The Milwaukee Road Depot was a passenger rail station in Tacoma, Washington, owned by the Chicago, Milwaukee buy metal water bottle, St. Paul and Pacific Railroad (the “Milwaukee Road”). It opened in 1954 and closed in 1961. It was the Milwaukee Road’s final station in Tacoma best goalkeeper gloves 2014, replacing a station formerly owned by the Tacoma Eastern Railroad.
The building was designed by K. E. Hornung of Chicago. The station interior was 4,000 square feet (370 m2) and included a ticket office, baggage room fuel belt replacement bottles, restrooms, and a separate lounge for women. A noteworthy feature of the waiting room was a gold-toned mural of the Chicago skyline. The masonry construction incorporated a Red Roman brick finish. The building’s centerpiece was a 32 feet (9.8 m) tower topped by a large stainless-steel sign bearing the name of the company. The waiting room itself featured full-height glass windows on two facings, overlooking the Milwaukee rail yards. The station cost the Milwaukee Road $150,000.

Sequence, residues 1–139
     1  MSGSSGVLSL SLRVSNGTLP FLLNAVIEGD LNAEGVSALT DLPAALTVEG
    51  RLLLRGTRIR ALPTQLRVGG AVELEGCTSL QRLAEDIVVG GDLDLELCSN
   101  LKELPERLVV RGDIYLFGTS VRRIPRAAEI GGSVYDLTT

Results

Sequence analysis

The Milwaukee Road had used the Tacoma Eastern Railroad’s former station since beginning service to Tacoma in 1909. That station was located at South 25th and A street, near the present location of the South 25th Street Tacoma Link station and Interstate 705. The new station sat at East 11th and Milwaukee Way, near the Milwaukee Road’s yard in the Tideflats area and roughly 1.7 miles (2.7 km) from the old station. The first train to use the station was a westbound Columbian, which arrived from Chicago on April 20, 1954. The first train to depart was an eastbound Olympian Hiawatha. Service ended with the discontinuation of the Olympian Hiawatha on May 22, 1961.